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March 12 Letters to the Editor

Cost of prison reform

In the past several months there seems to be a campaign under way driven in part by state Rep. Jim Schatz, D-Blue Hill, to change the methods that our state prison system uses to handle inmates. They have garnered the support of the psychiatric community in that they will get to come into the special management units and check on the welfare of each inmate on a weekly basis.

I wonder who will foot the bill for that service.

In a March 8 letter to the editor, Jim Bergin and Judy Garvey claim that most of the inmates in the special management unit are insane or soon will be. How did they come to this conclusion? Have they actually been in contact with the aforementioned inmates on a regular basis? Do they have degrees that would qualify them to diagnose these people?

They claim the Maine Council of Churches and dozens of religious, medical, civic and social work professionals concur that living in isolation is a form of torture causing permanent behavioral problems in prison and after release. Would they please volunteer to work in one or several jails and prisons around the state? They should get some firsthand experience in dealing with these people, then come back with demonstrable methods of incarceration that protect inmates, guards and the public from harm.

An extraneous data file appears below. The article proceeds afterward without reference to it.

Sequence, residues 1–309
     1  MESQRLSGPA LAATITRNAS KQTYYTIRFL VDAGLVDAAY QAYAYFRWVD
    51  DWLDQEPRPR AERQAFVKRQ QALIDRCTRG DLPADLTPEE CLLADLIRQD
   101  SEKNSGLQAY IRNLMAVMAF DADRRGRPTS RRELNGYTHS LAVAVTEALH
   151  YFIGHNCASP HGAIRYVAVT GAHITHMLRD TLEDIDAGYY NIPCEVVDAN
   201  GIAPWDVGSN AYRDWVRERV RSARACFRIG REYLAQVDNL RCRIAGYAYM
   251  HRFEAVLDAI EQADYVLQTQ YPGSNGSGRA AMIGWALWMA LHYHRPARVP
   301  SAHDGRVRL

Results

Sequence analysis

Thomas Bonner



No justice, no school

Fifteen years ago, the faculty of Husson College voted to forgo tenured status, little realizing that one day the Maine Supreme Judicial Court, the seat of wisdom and fairness, would use that fact to deny the college the right to establish a law school. At this writing, more than 190 degree aspirants have expressed an interest in attending Husson University Law School, which would accommodate part-time students.

It seems obscene to me that the American Bar Association, from its pontifical perch in Chicago, can dictate tenure policy and by so doing so denature the Maine Law Court as to send them cringing behind such a lame and flimsy excuse for denying 190 good Maine citizens the opportunity of improving their lot.

The ABA-speak is that it will not allow anyone graduating from an institution of higher learning the privilege of taking their sacrosanct bar exam if the degree-granting institution does not conform to its tenure policy. Without being able to sit for a bar exam, any poor soul in possession of a law degree might just as well be a fig farmer for all the good his hard-earned law degree will do him.

In case the Law Court has forgotten, we have a Maine Bar Association, and that association could easily, through its own testing, legitimize anyone holding a Husson law degree to practice law in the state of Maine.

Phil Tobin



Save Saturday delivery

Concerning a recent report in the March 3 BDN, “Postal Service pushes to end weekend delivery”: I think the post office would do better to charge more money to the companies who send out all those ads and catalogs, than to stop delivering mail on Saturdays.

Every day my mailbox holds about twice as many ads or catalogs from companies I have no intention of doing business with or duplicate catalogs (with only the cover changed) from companies I do buy from, as it does “real” mail. If these things cost more to send, not only would the post office get more money, but perhaps those companies would cut back on the junk mail.